So that leads to this question: Do the Bears need to find someone in free agency, regardless of how they value Kwiatkoski, who’s also missed time due to injuries in his first two years in the league?

Free agency could provide a few options. Demario Davis had a career high 97 tackles for the New York Jets last year and has never missed a game as a pro. Preston Brown had some decent production in Buffalo and also hasn’t missed a game since being drafted in 2014. Avery Williamson may not be a world-beater but has only missed one game in his four years in the NFL.

The Bears could also opt for someone who fits more of a rotational mold, like Dallas’ Anthony Hitchens, or try to lure a veteran linebacker like Navorro Bowman (who played for Vic Fangio in San Francisco) or Derrick Johnson (who Matt Nagy knows from his Kansas City days) to play next to Trevathan and/or Kwiatkoski.

The Bears could opt to keep the status quo and re-sign Christian Jones and John Timu for depth, and enter 2018 with Kwiatkoski and Trevathan as the team’s starters (Jerrell Freeman, who suffered a season-ending injury and then was hit with his second PED suspension in as many years, was cut on Tuesday). Signing a starting-caliber free agent isn’t out of the question, either, but there is a third option for the Bears if they appear to stand pat in free agency: Draft an inside linebacker in April. If that’s the route they go, Georgia’s Roquan Smith could be the guy. But again, those more pressing needs at other positions could mean the Bears don’t burn a first-round pick on an inside linebacker.

Three Things to Watch: Blackhawks collide with Senators

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NBC Sports Chicago

Three Things to Watch: Blackhawks collide with Senators

Here are Three Things to Watch when the Blackhawks take on the Ottawa Senators tonight on NBC Sports Chicago and streaming live on the NBC Sports app. Coverage begins at 6:30 p.m. with Blackhawks Pregame Live.

1. Trade chips.

The Blackhawks have reached the point in their season where they have no choice but to become sellers before the Feb. 26 deadline, and we saw that when they traded Michal Kempny to the Washington Capitals on Monday for a conditional third-round pick in 2018. Tommy Wingels could also be an attractive piece for a team looking to fill out their depth.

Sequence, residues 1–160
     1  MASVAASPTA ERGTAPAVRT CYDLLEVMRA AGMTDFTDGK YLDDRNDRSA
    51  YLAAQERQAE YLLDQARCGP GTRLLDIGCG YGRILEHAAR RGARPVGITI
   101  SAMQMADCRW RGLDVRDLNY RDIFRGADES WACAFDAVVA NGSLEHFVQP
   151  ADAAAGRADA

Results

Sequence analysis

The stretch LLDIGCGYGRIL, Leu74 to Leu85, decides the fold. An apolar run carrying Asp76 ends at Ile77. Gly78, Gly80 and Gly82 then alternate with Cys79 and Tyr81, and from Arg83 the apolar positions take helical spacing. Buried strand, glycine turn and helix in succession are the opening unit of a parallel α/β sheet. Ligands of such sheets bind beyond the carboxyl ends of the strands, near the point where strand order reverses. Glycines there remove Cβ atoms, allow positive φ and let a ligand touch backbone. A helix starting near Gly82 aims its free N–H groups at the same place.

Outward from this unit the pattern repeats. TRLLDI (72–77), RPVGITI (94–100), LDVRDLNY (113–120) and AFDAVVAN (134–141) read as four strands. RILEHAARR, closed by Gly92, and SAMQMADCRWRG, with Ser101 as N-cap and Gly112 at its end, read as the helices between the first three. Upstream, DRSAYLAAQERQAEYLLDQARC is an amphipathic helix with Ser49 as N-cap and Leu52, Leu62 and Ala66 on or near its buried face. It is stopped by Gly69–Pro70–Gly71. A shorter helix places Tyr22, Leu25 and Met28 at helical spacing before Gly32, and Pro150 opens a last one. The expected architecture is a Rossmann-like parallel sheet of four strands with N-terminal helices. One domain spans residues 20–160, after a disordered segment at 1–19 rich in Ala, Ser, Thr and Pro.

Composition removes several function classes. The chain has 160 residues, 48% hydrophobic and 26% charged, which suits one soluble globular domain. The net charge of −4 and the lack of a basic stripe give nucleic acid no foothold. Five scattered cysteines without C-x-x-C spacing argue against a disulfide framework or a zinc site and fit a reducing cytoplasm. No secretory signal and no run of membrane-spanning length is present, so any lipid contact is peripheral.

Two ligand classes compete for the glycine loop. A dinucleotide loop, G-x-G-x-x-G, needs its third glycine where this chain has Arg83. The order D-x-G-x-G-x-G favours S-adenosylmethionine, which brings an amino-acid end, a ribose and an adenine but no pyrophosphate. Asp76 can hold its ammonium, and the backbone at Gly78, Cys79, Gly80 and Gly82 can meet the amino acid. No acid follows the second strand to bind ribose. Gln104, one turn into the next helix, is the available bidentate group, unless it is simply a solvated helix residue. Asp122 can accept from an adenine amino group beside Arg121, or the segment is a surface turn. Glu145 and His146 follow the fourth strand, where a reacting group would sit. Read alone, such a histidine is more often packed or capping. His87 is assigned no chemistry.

The Senators will definitely be sellers, and wow do they have some names potentially on the market that can fetch large returns: Derrick Brassard and Mike Hoffman are two players who log top-six minutes on a nightly basis and also have term left on their contract, which is great for teams looking to load up for this year and beyond.

The biggest name to watch, probably in the league altogether, is Erik Karlsson, who could be on the move if a team offers a big enough package for the Senators to pull the trigger now as opposed to in the offseason if they feel him re-signing is a long shot. He was the best defenseman last season, and if a team steps up to get him, they're getting two possible postseason runs out of him.

2. Artem Anisimov's experiment at left wing not working.

Joel Quenneville has tried rekindling the magic between Anisimov, Nick Schmaltz and Patrick Kane as of late, only this time Anisimov is playing the wing and it just hasn't been very effective. The trio was on the ice for each of the two 5-on-5 goals the Kings scored on Monday, and Anisimov completely lost his man on the first one.

It's important to establish a consistent left winger for Schmaltz and Kane, and maybe putting Alex DeBrincat up there is something you consider going forward as part of a long-term solution. Move Anisimov back down as the third-line center to play in more of a defensive role and continue using his big body on power plays for his offensive abilities might be the best bet.

3. Win the special teams battle.

In their last meeting against Ottawa on Jan. 9, the Blackhawks went 4-for-6 on the power play and 4-on-4 on the penalty kill in an 8-2 win. And those are two areas to look out for again.

The Senators own the 28th-ranked power play with a 16.1 percent success rate and 29th-ranked penalty kill with a 74.5 percent success rate. Get ready for another offensive outburst?